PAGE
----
Jun 02 2011
Three weeks ago, the anti-vaccine movement took a swing for the fences and, as usual, made a mighty whiff that produced a breeze easily felt in the bleachers. In brief, a crew of anti-vaccine lawyers headed by Mary Holland, co-author of Vaccine Epidemic: How Corporate Greed, Biased Science, and Coercive Government Threaten Our Human Rights, Our Health, and Our Children, published a highly touted (by Generation Rescue and other anti-vaccine groups, that is) “study” claiming to “prove” that the Vaccine Injury Compensation Program (VICP) had actually compensated children for autism. As is typical with such “studies” generated by the anti-vaccine movement, it was bad science, bad law, and just plain bad all around. The authors intentionally conflated “autism-like” symptoms with autism, trying to claim that children with neurological injury with “autism-like” symptoms actually have autism. Never mind that there are specific diagnostic criteria for autism and that, if the children actually had autism, many of them would have been given a diagnosis of autism. Never mind that what they were doing was akin to claiming that all patients with “Parkinson’s-like symptoms” have Parkinson’s disease. (Hint: They don’t.) Never mind that all they did was to demonstrate a prevalence of autism spectrum disorders among the VICP-compensated children that was clearly within the range of what would be anticipated if there were no relationship between vaccines and autism. Never mind all that. This was Holland’s big chance, but it went over like the proverbial lead balloon. No one bit, other than FOX News.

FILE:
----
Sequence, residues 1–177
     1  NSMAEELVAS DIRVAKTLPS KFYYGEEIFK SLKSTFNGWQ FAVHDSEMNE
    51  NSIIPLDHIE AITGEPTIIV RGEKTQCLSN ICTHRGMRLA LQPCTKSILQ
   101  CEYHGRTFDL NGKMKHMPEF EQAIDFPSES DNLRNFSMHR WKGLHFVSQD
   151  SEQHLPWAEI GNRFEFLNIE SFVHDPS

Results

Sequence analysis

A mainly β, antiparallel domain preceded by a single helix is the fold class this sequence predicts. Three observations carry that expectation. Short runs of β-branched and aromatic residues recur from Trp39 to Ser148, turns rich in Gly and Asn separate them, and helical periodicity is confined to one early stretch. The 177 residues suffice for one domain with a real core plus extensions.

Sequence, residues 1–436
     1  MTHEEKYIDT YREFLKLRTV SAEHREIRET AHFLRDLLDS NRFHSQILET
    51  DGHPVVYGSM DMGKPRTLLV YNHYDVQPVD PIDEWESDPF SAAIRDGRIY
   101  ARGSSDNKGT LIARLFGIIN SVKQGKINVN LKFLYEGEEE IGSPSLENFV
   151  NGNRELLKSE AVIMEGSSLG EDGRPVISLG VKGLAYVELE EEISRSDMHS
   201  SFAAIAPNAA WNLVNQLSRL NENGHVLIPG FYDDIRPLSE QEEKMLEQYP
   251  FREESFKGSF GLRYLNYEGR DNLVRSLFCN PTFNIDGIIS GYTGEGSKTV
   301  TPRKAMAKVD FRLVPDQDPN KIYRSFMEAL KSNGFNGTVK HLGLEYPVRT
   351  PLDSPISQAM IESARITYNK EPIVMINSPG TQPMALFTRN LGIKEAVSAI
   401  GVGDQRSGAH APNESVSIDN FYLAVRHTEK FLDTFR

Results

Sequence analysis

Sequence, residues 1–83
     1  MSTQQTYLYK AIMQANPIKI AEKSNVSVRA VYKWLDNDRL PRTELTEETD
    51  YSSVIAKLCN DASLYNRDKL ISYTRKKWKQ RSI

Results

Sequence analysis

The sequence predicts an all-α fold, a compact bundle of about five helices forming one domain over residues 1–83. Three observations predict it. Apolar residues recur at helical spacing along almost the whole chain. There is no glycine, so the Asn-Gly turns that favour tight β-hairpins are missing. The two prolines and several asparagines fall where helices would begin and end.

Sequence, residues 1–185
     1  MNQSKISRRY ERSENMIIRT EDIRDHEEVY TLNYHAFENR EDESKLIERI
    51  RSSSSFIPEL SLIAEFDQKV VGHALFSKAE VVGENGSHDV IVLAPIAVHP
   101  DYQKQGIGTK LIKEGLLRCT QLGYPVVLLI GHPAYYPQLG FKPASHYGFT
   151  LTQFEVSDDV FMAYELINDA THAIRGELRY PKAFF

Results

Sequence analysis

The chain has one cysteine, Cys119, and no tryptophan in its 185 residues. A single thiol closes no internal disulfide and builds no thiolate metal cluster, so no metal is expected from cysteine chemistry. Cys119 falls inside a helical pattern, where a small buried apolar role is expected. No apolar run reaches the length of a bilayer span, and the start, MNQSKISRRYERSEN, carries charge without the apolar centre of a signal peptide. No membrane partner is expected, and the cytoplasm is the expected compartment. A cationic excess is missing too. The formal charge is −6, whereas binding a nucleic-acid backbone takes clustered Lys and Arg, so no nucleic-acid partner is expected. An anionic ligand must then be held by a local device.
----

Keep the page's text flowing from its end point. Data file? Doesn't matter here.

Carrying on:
The study rapidly faded into the obscurity it so richly deserves, in spite of mighty efforts by Generation Rescue, SafeMinds, and the likes of Ginger Taylor to keep it alive and use it as a rallying point to persuade legislators to pass anti-vaccine-friendly legislation. You could feel the frustration in its backers as Holland’s study, into which groups like Generation Rescue had apparently poured their hopes of being vindicated, crashed and burned.
However, there’s one aspect of this study that I didn’t discuss. In fact, I thought of it as I read it, but I wasn’t sure. What I (and others) have noticed is that there was no statement in the article that approval had been obtained from the relevant institutional review boards (IRBs) to do human subjects research. For those not familiar with what an IRB is, an IRB is a committee that oversees all human subject research for an institution. It is the IRB’s responsibility to make sure that all studies are ethical in design and that they conform to all federal regulations. Basically, IRBs are charged with weighing the risks and benefits of proposed human subject research and making sure that
- risks are minimized and that the risk:benefit ratio, at least as well as it can be estimated, is very favorable;
- to minimize any pain, suffering or distress that might come about because of the experimental therapy; and
- to make sure that researchers obtain truly informed consent.
During the course of a study, regular reports must be made to the IRB, which can shut down any study in its institution if it has concerns about patient welfare.
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